MadSci Network: Earth Sciences

Re: Are the chemicals used to manufacture solar cells enviornmentally friendly?

Date: Sun Dec 17 17:45:03 2000
Posted By: Adrian Popa, Director Emeritus, Hughes Research Laboratories
Area of science: Earth Sciences
ID: 975284001.Es


Depending on the application that silicon solar cells are used for, different coatings are
applied to protect them from the weather on the earth’s surface and to protect them from
solar radiation when used on spacecraft. These coatings are usually made in the form of a
glass (silicon dioxide) film about 250 micrometers (100 microinches) thick. Also, to
improve their efficiency for gathering light energy, solar cells often have antireflection
coatings placed on the surface of the glass film. These antireflection coatings are a few
micrometers (a few microinches) thick and are made from polymers (plastics).

In general, solar cell manufacturing is similar to the manufacturing of silicon integrated
microcircuits (ICs) and similar precautions must be taken to protect the environment from
the manufacturing byproducts. One major environmental issue that has been raised about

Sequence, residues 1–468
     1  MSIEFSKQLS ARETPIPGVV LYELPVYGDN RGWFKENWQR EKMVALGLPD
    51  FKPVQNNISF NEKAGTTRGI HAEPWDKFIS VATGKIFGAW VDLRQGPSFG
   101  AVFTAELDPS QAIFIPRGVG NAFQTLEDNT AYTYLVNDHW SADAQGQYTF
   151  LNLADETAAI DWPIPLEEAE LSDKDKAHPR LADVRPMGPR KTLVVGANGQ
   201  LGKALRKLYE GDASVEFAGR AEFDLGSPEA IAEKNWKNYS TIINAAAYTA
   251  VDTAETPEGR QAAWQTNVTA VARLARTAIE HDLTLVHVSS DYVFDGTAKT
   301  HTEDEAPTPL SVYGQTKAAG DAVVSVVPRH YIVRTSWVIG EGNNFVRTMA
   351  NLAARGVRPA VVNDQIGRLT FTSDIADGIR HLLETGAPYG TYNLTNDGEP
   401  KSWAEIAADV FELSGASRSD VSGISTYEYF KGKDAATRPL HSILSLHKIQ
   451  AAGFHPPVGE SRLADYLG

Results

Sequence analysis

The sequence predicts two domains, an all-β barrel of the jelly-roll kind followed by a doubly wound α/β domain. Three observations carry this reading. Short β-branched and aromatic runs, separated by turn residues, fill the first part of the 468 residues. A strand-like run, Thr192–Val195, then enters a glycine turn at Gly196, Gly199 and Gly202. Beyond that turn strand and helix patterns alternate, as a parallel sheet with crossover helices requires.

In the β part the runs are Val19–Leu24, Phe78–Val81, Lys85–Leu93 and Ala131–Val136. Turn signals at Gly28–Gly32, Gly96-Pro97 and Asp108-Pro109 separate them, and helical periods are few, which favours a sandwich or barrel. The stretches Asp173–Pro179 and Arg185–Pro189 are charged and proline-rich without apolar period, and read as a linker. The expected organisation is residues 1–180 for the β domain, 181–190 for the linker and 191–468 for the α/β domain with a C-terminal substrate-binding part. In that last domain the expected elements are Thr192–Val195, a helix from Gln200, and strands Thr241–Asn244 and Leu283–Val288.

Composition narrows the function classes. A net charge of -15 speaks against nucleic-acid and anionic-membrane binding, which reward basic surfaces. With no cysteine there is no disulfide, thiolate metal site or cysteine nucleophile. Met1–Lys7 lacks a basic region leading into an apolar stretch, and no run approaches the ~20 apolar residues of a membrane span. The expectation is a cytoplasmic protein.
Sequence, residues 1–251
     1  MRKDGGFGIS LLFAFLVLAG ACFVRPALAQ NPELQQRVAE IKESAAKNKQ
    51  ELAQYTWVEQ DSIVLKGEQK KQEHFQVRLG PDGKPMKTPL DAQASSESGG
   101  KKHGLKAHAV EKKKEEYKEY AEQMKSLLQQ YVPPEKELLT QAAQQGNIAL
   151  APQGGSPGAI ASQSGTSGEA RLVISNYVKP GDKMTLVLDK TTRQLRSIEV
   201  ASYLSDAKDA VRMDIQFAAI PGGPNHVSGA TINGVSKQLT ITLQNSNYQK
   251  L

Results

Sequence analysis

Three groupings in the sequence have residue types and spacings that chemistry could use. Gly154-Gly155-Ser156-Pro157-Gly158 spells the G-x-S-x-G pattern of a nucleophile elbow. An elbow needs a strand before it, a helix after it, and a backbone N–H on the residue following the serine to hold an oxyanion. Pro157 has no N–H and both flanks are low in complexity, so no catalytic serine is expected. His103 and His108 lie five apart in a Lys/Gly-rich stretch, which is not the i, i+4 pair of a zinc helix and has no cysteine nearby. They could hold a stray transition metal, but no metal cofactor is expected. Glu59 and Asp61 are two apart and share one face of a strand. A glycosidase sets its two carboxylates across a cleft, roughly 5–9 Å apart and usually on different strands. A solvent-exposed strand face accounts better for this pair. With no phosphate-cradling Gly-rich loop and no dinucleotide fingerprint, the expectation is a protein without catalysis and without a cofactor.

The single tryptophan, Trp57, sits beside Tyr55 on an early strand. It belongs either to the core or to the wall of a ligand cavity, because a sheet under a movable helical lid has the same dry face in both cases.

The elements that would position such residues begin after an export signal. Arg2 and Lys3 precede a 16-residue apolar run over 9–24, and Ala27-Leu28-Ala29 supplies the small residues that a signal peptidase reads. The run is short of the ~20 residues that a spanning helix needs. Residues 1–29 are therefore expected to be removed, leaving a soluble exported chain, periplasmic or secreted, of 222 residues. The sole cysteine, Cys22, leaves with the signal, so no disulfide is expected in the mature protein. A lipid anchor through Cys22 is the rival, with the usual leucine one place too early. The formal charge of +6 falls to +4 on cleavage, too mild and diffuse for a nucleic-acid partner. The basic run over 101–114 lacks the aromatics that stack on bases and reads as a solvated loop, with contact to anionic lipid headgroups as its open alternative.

the manufacturing and large scale use of solar cells is the great amount of energy required
to generate the heat to form the large number of silicon wavers required to make an array
of solar cells. Most solar cells used today use more energy in the manufacturing process
than the electrical power (energy) that they will generate over their operating lifetime.
However, this is a somewhat simplistic argument and is highly dependent on the
application. For example; when you compare the total energy that would be consumed to
deliver power to a network of remote emergency radio telephones placed along the
thousands of miles of highways, solar cell powered devices are probably more energy
efficient and certainly are more cost efficient.

Determining the total energy costs and environmental impact for any given application
is a very complex problem which our nation, and the other industrial nations,
will have to face in the 21st century.
Meanwhile, to reduce the manufacturing costs (including energy) of solar cells, significant
progress is being made in the development of large solar cell arrays formed by depositing
thin silicon films on metal and ceramic substrates in place of the expensive silicon
wafers now being used.

Best regards, Your Mad Scientist
Adrian Popa

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